So, you have some points (currently in 2-d, the result of a PCA.) They may be pretty sparse, at least from the pictures drawn, which makes EVERYTHING more difficult. And what your eye sees are several groups of points. What you want is some automatic code that will draw a circle around the various clusters that your eye sees. This seems to be the gist of the last 3 or more questions that you have asked. The problem is, you need to use the tools we have been suggesting, at least if you want to do this in a way that is automatic.

First, perform a clustering analysis. There are MANY clustering algorithms available, but kmeans has some of the most commonly used tools.

Or, you could simply choose the clusters for any similar group of points yourself. For example, I have posted code on the file exchange (selectdata) that will allow a user to select groups of points using a lasso. Just draw a curve around the points in one group, and it will tell you which points they were. Or you can tell the code to use a circular shape, then you click on the figure, and expand that circle until it contains the points you want. The idea is, you surely know what you want to see. So do it using a mouse. But if not, then you NEED TO USE A CLUSTERING TOOL. A minimal bounding circle is not a tool for clustering.

Can I explain why a minimal bounding circle does not work as a tool for clustering? That might be a good question. The point is a bounding circle is almost always controlled by 3 points, and sometimes rarely only 2 points. If you drop one or more of those points, the minimal bounding circle changes dramatically. This makes the bounding circle rather an unstable thing, since it does not depend on any of the other data points inside the circle. And that means you cannot use it to perform clustering. You need to use some other scheme first. PLEASE READ AND UNDERSTAND THIS LAST PARAGRAPH. A bounding circle is not in itself a clustering tool, nor can it be made to work as one. At least not well.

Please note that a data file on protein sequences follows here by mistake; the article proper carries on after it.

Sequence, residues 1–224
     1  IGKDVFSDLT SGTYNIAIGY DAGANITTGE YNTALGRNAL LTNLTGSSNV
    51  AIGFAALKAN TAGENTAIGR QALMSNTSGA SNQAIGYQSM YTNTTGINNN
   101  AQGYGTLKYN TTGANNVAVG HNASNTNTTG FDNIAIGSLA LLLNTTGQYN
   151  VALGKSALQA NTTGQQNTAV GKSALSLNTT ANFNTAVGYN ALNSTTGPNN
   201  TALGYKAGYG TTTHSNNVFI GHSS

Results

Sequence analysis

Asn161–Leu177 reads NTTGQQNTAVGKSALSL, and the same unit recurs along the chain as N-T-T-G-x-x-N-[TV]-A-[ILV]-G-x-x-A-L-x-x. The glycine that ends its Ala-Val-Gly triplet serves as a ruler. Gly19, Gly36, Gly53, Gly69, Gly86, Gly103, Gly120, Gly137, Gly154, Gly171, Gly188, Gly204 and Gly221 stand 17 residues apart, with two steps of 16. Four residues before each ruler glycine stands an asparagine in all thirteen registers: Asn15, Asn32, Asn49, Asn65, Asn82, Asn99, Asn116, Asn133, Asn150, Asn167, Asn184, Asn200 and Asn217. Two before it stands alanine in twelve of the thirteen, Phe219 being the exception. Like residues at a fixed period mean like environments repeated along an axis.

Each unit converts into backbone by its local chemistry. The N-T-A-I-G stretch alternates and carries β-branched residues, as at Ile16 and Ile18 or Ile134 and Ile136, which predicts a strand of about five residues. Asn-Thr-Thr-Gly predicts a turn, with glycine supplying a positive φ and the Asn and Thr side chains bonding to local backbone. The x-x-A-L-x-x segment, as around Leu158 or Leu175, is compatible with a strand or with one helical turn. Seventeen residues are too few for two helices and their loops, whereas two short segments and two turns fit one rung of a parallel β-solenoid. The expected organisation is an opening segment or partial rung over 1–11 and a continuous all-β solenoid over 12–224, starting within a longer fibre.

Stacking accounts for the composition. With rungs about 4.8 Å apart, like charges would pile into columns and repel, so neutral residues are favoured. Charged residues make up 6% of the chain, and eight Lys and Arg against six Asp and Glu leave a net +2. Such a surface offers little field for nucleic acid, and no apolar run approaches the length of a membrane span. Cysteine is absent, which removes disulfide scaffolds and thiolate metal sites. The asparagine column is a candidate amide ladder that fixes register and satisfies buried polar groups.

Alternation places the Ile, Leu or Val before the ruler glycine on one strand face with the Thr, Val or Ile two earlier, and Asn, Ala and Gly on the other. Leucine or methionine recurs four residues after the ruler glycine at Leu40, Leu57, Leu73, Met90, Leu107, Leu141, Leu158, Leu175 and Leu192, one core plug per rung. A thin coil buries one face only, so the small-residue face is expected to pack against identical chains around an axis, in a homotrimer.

Once you have the points identified in any one similar cluster, then use a tool as I have shown to find the circle and then draw it. I don't see the problem, or why this requires so many repeated questions on the topic.

Again, break down the problem into smaller ones. First you need to use clustering though. We dont know enoiugh about your problem to know which clustering scheme might be best, but very likely just selecting the points with a mouse might be the best.

##### 2 Comments

John D'Errico
on 14 Feb 2023

But again, you cannot do that in any stable way. A minimal circle is a poor thing to identify a cluster of points, because that minimal circle is ALWAYS based on only a few points in any set. You really don't want to do exactly what it is you think you want to do. For example:

xy = randn(20,2);

[C,R] = minboundcircle(xy(:,1),xy(:,2))

t = linspace(0,2*pi,100);

plot(xy(:,1),xy(:,2),'bo',R*cos(t) + C(1), R*sin(t) + C(2),'-r')

axis equal

Do you see that only 3 points ALWAYS control the position and size of the circle? In some cases, only 2 points may control the circle. And if you were to delete one or more of those points, then the circle changes in a very unstable, totally unpredictable way. The rest of the points inside that circle have no impact at all on the circle itself.

You cannot use a minimal bounding circle to perform clustering. You CAN use it AFTER you have performed the clustering. But not to do the clustering itself. And I know that when you look at a set of points in a picture, you see a circle that contains them. So you think the circle can be made to do what you want. But your eye/brain combination can do many things that are exceedingly difficult to do using a computer, and to do it robustly.